UbuntuNet Alliance is calling for abstracts of papers to be presented at the UbuntuNet-Connect 2012 Conference. The Conference will be held at Kunduchi Hotel in Dar es Salaam, Tanzania on 14-16th November 2012. The theme of the conference is UbuntuNet – Promoting Regional Research and Education Collaboration, and the papers should fall under (but not limited to) the following sub-themes:
Authors are invited to submit a 500 word abstract with up to 5 keywords, of their proposed papers, clearly indicating the key message to be shared, not later than 31st August2012. Papers collaboratively authored are especially welcome. Papers may describe completed research, or relevant case studies or projects; they should not normally describe planned research. Abstracts should be sent to: email@example.com. Abstracts will be double blind peer reviewed. For further details, visit www.ubuntunet.net/uc_2012.
UbuntuNet Alliance will avail a limited number of travel fellowships for authors from least developed countries within Africa.
Register now for an early bird discount on registration for the VO Architectural Middleware Planning (VAMP) workshop that will take place in Utrecht, Netherlands, on 6-7 September 2012, whose goal is to foster the deployment of identity management and collaboration tools within the research community, is calling upon all interested researchers and institutions to register for its upcoming event with a discount which will be available until midnight on 2 August 2012.
VAMP will discuss the challenges and opportunities surrounding international research groups, also known as Virtual Organisations (VOs), in the research, education and scientific communities. It will bring together VOs and international federation operators to define effective ways for VOs to use inter-federation infrastructure(s) and to share and discuss case studies, best practices, requirements and design inputs for the VOs of the future.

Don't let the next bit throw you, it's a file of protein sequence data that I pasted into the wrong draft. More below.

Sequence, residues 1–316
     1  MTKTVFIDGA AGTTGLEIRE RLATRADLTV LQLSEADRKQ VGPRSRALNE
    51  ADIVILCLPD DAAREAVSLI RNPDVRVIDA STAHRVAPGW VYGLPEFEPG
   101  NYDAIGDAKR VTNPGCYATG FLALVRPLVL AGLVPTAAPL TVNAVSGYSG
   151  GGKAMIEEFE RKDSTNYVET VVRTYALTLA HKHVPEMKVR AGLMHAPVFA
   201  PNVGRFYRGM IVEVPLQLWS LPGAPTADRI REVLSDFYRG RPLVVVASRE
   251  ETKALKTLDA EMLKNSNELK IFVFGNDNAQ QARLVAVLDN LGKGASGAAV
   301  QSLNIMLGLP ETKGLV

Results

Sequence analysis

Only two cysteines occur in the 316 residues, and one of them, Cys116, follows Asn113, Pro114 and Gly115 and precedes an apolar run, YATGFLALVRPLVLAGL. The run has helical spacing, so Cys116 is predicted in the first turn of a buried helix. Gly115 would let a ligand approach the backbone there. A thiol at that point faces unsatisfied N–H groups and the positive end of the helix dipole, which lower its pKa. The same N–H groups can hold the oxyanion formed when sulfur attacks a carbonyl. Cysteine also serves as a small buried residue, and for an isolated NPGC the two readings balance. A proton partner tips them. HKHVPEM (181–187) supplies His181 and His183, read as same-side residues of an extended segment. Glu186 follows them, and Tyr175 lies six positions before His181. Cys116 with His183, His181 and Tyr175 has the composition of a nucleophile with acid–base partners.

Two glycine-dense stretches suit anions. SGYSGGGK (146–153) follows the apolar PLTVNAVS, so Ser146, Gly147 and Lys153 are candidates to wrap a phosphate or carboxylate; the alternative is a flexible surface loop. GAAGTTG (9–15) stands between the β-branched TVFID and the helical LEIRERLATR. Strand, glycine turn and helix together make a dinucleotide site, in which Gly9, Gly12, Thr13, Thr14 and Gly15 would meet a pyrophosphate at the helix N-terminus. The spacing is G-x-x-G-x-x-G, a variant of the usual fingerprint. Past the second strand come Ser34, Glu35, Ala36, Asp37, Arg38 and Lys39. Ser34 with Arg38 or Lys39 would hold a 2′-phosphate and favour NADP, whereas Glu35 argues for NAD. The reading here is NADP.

The VAMP workshop welcomes wide participation from among international research groups, including social science and humanities research groups as well as large science and engineering collaborations. IT architects from campuses and national research and education network (NREN) organisations who are engaged in supporting the identity management needs of the research and education community are invited to join. Representatives of funding agencies that support VOs and scientific research are also invited to participate.
TERENA is co-organising the VAMP workshop with Internet2 and SURFnet, which is also providing sponsorship. More information, including details about registration and accommodation can be found at http://www.terena.org/activities/vamp/ws1/.
By Margaret Ngwira
E-books are becoming a part of our daily lives. This is a format that brings its own set of advantages and is not “goodbye” to the paper book, but a rich alternative! My first e-book read was “The Boy who harnessed the wind” which, amazingly, is not available in paper format in the country from which William Kamkwamba comes, Malawi! Given the role of a traditional library in William’s development of a windmill, it was a fascinating experience to get access to it by chance on my newly purchased Amazon Kindle e-book reader.
As a former Librarian and new owner of the e-book reader, I am excited by the potential of the medium, especially in the context of our network development where the access challenge is being overcome by the implementation of the AfricaConnect project and the increase in the number of our member NRENs peering at the UbuntuNet interconnection point in London. Also as a human being, saving a few trees for the grandchildren is also an important consideration!
For NUANCE readers, I just identified what I believe is an extremely useful free e-book from the EDUCAUSE website (thanks to the link from the KENET website).This is approximately a 22mb download, which would have overwhelmed us a few years ago, but now, the download is relatively stress-free:
Game Changers: Education and Information technology, edited by Diana G Oblinger.
With 17 chapters and 21 case studies, there is something for all of us who are involved in e-learning from the conceptual to the infrastructural to the content and utilization level. It is based largely on American experience with a fair peppering of international examples. I especially enjoyed Case Study 19 “CS50 at Harvard: “The Most Rewarding Class I Have TakenEver “